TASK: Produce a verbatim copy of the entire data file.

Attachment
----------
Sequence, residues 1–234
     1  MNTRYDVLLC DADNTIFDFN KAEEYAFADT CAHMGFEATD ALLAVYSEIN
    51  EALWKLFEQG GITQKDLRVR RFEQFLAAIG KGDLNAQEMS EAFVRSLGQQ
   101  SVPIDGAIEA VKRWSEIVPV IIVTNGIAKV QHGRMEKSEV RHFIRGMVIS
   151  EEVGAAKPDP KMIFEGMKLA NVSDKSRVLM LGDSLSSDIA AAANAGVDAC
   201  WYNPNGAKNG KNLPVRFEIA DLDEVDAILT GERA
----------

Sequence, residues 1–234
     1  MNTRYDVLLC DADNTIFDFN KAEEYAFADT CAHMGFEATD ALLAVYSEIN
    51  EALWKLFEQG GITQKDLRVR RFEQFLAAIG KGDLNAQEMS EAFVRSLGQQ
   101  SVPIDGAIEA VKRWSEIVPV IIVTNGIAKV QHGRMEKSEV RHFIRGMVIS
   151  EEVGAAKPDP KMIFEGMKLA NVSDKSRVLM LGDSLSSDIA AAANAGVDAC
   201  WYNPNGAKNG KNLPVRFEIA DLDEVDAILT GERA